Our entry to Australia has led to a decline in sporting activities for the boys. We arrived in mid-season for rugby, so Rex gave up on that. We are currently in the summer sports; after not enjoying softball in NZ neither of the boys wanted to register for baseball. Nor are they too interested in cricket, but when Rex said he'd like to try we found we were too late for registration. Neil contacted the local junior cricket team before the season started but was told that registrations were closed and they "didn't think" opportunities would be available. Take that!
This year Neil started work with EDS in Australia. It came after many months of searching and "near misses" with great opportunities. The year started with an AP regional opportunity with AIG based in Manila. While Neil was a great fit for the role there was no spark in a video conference interview so that went nowhere. Come to think of it Neil has had 3 video conference interviews over the years and not enjoyed success with any of them interesting. At the beginning of the year there was a regional opportunity with Barclays Bank covering the Sub Sahara countries, but that fizzled for reasons he would find out later. Around Easter there was a global opportunity with Barclays Bank and that was progressed very well until Barclays announced their intended takeover of ABN AMRO and recruiting was frozen; Barclays failed with the takeover bid and everything has been quiet since. But during the interview process Neil learned that the reason the African opportunity didn't pan out is because the seniors in Barclays felt his experience would be better suited to new initiatives than BAU work.
When interviewing with Barclays Neil met with one of their technology leaders who was vacationing in Auckland over Easter. We figured that since it was a friendly meeting and we were paying our own way that we'd have the whole family drive to Auckland for the visit as we hadn't been there before. We then came to a startling revelation we all thought we didn't like NZ, but we did like Auckland. We decided it wasn't NZ that didn't suit us, it was Wellington. Auckland, with its harbour, larger and more diverse population [around 1 million] seemed to have more "buzz" and we all thought it looked like a nice place to be. We didn't see job opportunities in Auckland , but it seemed like a good place.
What follows is a series of complaints about moving to Australia. We put them here because they're interesting and kind of funny. If you'd rather not read complaints then you can skip them.
Our move from NZ to Australia was a disaster. The packing in NZ was fine but the unpacking in Sydney was by far the worst we have ever experienced. EDS used a well known moving company in Australia called Wridgeways and we have to recommend that you never be involved with this company. If you move within Australia don't use Wridgeways; if you move to Australia and the receiving agent is Wridgeways then find a different moving company or insist they use a different receiving agent. See our story for details. In the end we received an apology from the Wridgeways Managing Director for the experience, but it hardly makes up for our disgust and duress with the experience.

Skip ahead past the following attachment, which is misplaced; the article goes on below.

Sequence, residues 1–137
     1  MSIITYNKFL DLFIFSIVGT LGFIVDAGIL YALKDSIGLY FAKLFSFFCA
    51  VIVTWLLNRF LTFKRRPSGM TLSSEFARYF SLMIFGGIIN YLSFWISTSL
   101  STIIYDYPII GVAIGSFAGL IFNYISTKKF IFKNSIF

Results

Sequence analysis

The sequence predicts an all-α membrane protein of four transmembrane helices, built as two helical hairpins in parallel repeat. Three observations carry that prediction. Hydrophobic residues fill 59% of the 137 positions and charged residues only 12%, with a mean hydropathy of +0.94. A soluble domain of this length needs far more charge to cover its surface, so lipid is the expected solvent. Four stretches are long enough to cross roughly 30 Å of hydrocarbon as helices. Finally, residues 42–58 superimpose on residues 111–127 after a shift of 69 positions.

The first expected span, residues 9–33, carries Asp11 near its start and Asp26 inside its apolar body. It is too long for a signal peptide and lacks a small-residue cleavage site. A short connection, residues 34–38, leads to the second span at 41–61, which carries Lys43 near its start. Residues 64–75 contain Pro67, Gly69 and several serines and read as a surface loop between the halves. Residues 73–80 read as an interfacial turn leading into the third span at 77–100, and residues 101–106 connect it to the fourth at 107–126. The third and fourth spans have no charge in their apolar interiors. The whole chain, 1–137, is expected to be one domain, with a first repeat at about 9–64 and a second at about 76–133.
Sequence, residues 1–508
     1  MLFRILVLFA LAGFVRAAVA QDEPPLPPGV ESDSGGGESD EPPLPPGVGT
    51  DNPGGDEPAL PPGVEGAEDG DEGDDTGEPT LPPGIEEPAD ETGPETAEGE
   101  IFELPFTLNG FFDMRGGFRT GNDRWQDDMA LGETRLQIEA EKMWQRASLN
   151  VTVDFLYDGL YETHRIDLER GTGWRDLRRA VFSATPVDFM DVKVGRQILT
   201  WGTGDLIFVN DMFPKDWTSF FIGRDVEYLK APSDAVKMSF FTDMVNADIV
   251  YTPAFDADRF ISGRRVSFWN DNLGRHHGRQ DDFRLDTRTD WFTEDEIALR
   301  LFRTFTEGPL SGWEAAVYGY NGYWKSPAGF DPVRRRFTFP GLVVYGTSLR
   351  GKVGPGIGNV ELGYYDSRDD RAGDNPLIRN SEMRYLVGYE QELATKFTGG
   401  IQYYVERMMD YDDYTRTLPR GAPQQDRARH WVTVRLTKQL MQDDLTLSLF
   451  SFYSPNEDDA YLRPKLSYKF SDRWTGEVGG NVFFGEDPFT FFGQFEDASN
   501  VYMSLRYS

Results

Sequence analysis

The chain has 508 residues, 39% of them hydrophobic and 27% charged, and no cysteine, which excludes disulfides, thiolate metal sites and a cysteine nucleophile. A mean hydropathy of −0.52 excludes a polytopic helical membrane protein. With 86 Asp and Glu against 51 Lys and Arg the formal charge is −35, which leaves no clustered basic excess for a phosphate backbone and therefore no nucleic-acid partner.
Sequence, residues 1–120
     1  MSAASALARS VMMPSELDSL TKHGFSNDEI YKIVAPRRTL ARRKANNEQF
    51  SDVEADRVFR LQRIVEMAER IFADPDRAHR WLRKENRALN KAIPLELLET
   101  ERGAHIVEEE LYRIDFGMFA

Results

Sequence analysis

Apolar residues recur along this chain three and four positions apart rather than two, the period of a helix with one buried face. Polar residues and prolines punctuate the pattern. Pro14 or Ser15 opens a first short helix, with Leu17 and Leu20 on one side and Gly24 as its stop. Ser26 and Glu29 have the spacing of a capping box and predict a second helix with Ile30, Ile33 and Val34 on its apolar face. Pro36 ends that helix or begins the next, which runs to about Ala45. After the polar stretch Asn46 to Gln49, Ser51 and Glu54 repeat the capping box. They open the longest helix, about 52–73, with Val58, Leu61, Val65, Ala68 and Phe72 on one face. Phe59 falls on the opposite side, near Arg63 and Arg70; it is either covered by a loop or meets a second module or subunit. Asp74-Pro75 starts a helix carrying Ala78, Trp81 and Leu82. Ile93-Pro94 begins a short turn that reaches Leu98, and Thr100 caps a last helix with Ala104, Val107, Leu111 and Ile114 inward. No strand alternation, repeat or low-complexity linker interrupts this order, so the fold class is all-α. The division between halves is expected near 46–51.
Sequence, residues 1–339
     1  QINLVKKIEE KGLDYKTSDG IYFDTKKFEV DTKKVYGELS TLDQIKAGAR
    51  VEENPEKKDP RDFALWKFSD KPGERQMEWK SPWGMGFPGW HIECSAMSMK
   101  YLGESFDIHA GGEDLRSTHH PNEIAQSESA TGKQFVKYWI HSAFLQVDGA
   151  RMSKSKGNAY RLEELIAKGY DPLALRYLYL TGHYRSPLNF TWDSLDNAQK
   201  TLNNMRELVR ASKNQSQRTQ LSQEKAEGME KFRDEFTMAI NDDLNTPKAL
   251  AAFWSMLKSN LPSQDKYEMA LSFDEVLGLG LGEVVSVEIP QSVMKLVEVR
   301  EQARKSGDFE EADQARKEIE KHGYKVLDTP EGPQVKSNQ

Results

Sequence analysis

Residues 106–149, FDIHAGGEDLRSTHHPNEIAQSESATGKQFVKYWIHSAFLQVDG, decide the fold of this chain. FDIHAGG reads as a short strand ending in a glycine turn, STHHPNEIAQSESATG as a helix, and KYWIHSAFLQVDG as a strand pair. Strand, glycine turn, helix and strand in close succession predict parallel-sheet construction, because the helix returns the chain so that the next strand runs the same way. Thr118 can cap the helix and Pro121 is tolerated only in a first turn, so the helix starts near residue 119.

Having moved to Australia the first order of business was administrative, mostly government, and this was a real surprise. We had to do the normal things, the big ones being to get tax IDs, Medicare coverage [an Australian government initiative for basic health care], driver's licenses and open bank accounts.
On our first full day in Sydney we walked into the tax office to apply for tax IDs. Usa was instructed to fill in an online form and would receive her tax number in 28 days. That was easy; can Neil do that? No. He had to go to a separate counter where he was told that to get a tax number he had to show a Medicare card, one other form of ID and wait 28 days for the tax department to search records to see if he already had a tax ID [as it's illegal to have two numbers]. So, OK, we had to go to the Medicare office before Neil could apply for a tax ID.
At Medicare we had the same experience. For Usa, Roger and Rex to get Medicare coverage was easy and arranged on the spot because Usa was a new immigrant and Roger and Rex hadn't lived in Australia before. But Neil, as a returning citizen, had to prove that he had an address in Australia and was returning permanently not easy considering we had been in Sydney less than 24 hours. For proof of address they accepted a company-arranged one month lease on an apt in Sydney; for proof of intention to return to Australia they wanted a copy of our shipment records. What a pain. Neil had to go back to the apt to retrieve the shipping manifest for our household goods and then return for Medicare enrolment. When he returned he was then told that he couldn't join the same enrolment record of Usa, Roger and Rex due to some kind of system limitation. So now we are all enrolled in Medicare with Usa, Roger and Rex enrolled under one number and Neil under a different number. Medicare won't let us be a family group weird. But the strangest [i.e., most annoying] thing is that Usa, as a new immigrant, had an easier process for these things than Neil, who is a citizen. It makes you wonder.